"OBAMA: About 95% of our plans are similar. We both set up a government plan that would [cover] pre-existing conditions. We both want to emphasize prevention. But I emphasize reducing costs. If we provide subsidies to those who can't afford it, they will buy it. Sen. Clinton has a different approach. She believes that we have to force people who don't have health insurance to buy it, or there will be a lot of people who don't get it. But if you are going to mandate the purchase of insurance & it's not affordable, then there's going to have to be some enforcement mechanism that the government uses. And they may charge fines to people who already don't have health care, or take it out of their paychecks. And that, I don't think, is helping those without health insurance. That is a genuine difference."

Of course, that was then, this is now.

-- Posted by Shapley Hunter on Fri, Oct 5, 2012, at 2:25 PM

He may just be mowing the lawn. I know I've got to mow mine again, now that it's finally decided to rain.

-- Posted by Shapley Hunter on Fri, Oct 5, 2012, at 2:56 PM

Won't change mine either.

See no reason to base my decision on a made for TV debate filled with political rhetoric, false promises, and half-truths aimed at satisfying their base. I'd rather "think for myself"

-- Posted by FreedomFadingFast on Fri, Oct 5, 2012, at 3:18 PM

"Just in case you forgot: By nearly any conceivable measure, the George W. Bush administration (2000-08) economic performance was the worst of any President since Hoover."

Democrats keep repeating that mantra, but it isn't true.

The economy began to decline at the end of the Clinton presidency - recession by some standards, a downturn by others. The events of 9/11/01 further damaged a weakening economy. Even so, we were able to recover (the Bush Tax Cuts may or may not have helped, depending on to whom you talk), but by 2005 we were back on track, and we experienced record tax reciept levels in 2007 and 2008. The Pelosi recession hit, begun by a decline in the market that began on the first week of the first month of the first fiscal year under her gavel.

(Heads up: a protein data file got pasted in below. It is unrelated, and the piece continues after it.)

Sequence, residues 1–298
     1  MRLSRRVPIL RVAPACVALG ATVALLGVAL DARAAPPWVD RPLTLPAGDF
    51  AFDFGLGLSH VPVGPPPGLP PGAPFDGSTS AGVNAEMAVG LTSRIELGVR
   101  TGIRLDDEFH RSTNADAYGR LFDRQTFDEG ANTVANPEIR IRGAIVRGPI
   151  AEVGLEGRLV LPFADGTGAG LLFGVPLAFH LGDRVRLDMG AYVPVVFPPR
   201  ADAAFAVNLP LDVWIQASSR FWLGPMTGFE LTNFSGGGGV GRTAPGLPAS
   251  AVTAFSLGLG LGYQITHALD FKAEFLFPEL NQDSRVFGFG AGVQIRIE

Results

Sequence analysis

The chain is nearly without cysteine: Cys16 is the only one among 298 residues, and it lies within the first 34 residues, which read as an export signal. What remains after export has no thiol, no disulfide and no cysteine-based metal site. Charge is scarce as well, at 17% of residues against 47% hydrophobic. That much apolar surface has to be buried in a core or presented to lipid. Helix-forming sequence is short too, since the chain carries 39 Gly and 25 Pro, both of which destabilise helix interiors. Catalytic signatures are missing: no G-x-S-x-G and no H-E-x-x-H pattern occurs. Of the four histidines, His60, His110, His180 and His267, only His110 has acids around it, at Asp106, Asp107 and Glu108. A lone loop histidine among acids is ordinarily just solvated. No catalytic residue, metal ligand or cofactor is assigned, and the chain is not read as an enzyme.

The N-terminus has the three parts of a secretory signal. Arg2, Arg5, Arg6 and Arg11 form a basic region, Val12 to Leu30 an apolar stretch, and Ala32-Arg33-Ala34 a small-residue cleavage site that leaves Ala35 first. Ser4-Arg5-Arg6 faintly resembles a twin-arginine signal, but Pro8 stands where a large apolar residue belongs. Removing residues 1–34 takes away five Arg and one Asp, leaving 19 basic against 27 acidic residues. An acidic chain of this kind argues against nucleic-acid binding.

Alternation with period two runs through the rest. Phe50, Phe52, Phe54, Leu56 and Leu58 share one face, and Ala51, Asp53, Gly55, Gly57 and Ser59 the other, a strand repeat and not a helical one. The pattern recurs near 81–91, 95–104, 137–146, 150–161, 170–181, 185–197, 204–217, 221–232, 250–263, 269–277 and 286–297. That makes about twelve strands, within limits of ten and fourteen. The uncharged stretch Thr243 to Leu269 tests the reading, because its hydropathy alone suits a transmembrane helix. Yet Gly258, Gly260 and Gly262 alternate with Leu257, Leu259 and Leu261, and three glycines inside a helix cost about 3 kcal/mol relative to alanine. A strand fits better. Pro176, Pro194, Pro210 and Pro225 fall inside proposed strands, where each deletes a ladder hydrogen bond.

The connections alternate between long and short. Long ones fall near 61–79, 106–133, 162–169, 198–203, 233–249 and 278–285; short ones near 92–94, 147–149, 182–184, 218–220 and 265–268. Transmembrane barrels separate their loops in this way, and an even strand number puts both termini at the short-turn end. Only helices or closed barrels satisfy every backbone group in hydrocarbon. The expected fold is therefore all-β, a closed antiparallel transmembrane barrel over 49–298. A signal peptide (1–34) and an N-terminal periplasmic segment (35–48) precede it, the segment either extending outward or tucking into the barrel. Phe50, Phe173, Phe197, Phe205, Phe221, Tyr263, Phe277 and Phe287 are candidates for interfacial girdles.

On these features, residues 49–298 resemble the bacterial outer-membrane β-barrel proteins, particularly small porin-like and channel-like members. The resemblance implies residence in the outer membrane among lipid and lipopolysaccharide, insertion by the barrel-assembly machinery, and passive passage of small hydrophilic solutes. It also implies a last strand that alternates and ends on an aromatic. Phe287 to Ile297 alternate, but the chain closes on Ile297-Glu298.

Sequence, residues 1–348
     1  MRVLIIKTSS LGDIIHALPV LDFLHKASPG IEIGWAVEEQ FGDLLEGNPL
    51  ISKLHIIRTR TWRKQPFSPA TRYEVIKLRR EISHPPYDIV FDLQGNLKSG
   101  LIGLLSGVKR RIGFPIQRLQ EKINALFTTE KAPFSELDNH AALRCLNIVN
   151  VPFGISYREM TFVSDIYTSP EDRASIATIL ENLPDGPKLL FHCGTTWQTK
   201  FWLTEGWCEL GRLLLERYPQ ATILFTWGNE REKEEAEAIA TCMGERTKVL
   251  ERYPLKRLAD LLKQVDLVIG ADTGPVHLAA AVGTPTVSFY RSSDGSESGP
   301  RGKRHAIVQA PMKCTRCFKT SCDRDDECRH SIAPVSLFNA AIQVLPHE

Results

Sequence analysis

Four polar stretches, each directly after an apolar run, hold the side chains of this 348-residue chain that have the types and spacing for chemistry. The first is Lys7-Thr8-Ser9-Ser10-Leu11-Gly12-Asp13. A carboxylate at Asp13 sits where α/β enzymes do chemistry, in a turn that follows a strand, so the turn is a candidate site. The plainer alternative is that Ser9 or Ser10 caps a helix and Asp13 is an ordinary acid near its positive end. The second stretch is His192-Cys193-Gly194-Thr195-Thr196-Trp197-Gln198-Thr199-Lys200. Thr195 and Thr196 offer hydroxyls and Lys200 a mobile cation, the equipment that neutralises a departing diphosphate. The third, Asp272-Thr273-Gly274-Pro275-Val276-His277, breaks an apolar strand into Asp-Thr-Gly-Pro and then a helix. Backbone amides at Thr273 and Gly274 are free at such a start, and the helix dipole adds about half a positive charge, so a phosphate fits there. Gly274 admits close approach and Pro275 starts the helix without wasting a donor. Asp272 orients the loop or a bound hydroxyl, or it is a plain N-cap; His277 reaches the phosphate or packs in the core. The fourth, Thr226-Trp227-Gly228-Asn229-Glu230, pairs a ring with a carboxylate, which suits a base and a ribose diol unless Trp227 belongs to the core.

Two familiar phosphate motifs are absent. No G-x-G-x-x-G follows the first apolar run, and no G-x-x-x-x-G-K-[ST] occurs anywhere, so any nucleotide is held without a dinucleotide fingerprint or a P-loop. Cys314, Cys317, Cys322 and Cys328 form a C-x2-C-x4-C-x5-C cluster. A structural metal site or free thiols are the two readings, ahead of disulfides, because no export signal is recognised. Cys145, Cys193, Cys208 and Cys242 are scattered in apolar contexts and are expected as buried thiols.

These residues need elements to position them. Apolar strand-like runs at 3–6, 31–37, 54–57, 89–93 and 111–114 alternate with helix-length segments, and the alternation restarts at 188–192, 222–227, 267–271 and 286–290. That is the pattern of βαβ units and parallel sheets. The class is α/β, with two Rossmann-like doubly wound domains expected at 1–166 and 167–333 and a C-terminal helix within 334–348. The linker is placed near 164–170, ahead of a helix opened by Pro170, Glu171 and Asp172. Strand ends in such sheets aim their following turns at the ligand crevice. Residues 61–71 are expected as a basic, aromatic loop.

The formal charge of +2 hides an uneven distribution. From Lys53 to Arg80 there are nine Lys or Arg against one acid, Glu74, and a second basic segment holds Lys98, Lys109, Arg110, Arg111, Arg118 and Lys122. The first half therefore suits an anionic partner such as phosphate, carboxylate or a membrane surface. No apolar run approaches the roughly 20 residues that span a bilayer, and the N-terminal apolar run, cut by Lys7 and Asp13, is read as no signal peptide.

Of course, one of the reasons given for re-electing Mr. Obama, whose record is far worse than Mr. Bush's, is to give him a chance to redeem himself. That is too big of a gamble, methinks.

-- Posted by Shapley Hunter on Fri, Oct 5, 2012, at 3:39 PM

That also leaves me with the question: Since the Democrats constantly charge that the Republicans have deliberately derailed the economy under Mr. Obama, did the Democrats deliberately derail the economy under Mr. Bush?

Certainly, they took a thriving economy, with the Dow Jones Industrials at historic highs, tax receipts at historic highs, and GDP growth climbing, and turned that around within one year of assuming control of both houses of Congress. They refused to pass budgets, they blocked Republican legislation, the threatened to cut funding of ongoing wars.

Given that the economy seems to be recovering now that the Congress is back in Republican hands, after declining sharply in the four short years the Democrats had it, one would think charges that the Republicans are working against it would be dismissed. And, yet, they are taken seriously even as the current actions of the Democrats are ignored.

Mr. Reid continues the same devestating actions in the Senate that precipitated these events: failing to pass budget, or even debate a budget. It seems that, as long as they can get away with blaming Republicans, they will continue derailing the economy.

-- Posted by Shapley Hunter on Fri, Oct 5, 2012, at 4:40 PM

"Mr. Reid continues the same devastating actions in the Senate that precipitated these events: failing to pass budget, or even debate a budget."

What do you suppose the republican Congressmen would have done had Senator Reid proposed a sensible budget with the right combination of tax revenue increases (throught rate and loophole corrections) and Social Security/Medicare adjustments downward, and discretionary spending cuts.

They would have shouted that the democrats want to cut social security and Medicare and ignored the required revenue increases, and the stalemate would have continued.

The fact that is continually ignored is that reasonable compromise would have benefitted the President more and the republicans less, and that is the single reason why compromise was not reached. The claim that the President refused fair compromise is absolutely ridiculous.

It is equally silly to claim that Senator Reid is the only person in the nation responsible for the lack of a bi-partisan budget.

-- Posted by commonsensematters on Fri, Oct 5, 2012, at 8:02 PM

The media got a lift this morning when the government announded 114K jobs created resulting in lowering, they say, the unemployed percentqage to 7.9% (or was it 7.8% or some such number). They were joyous for Obama whose boys jumped on the news like a bear on a honeycomb.

Og course, some of the more rational media began asking some pretty pointed questions about its valadity.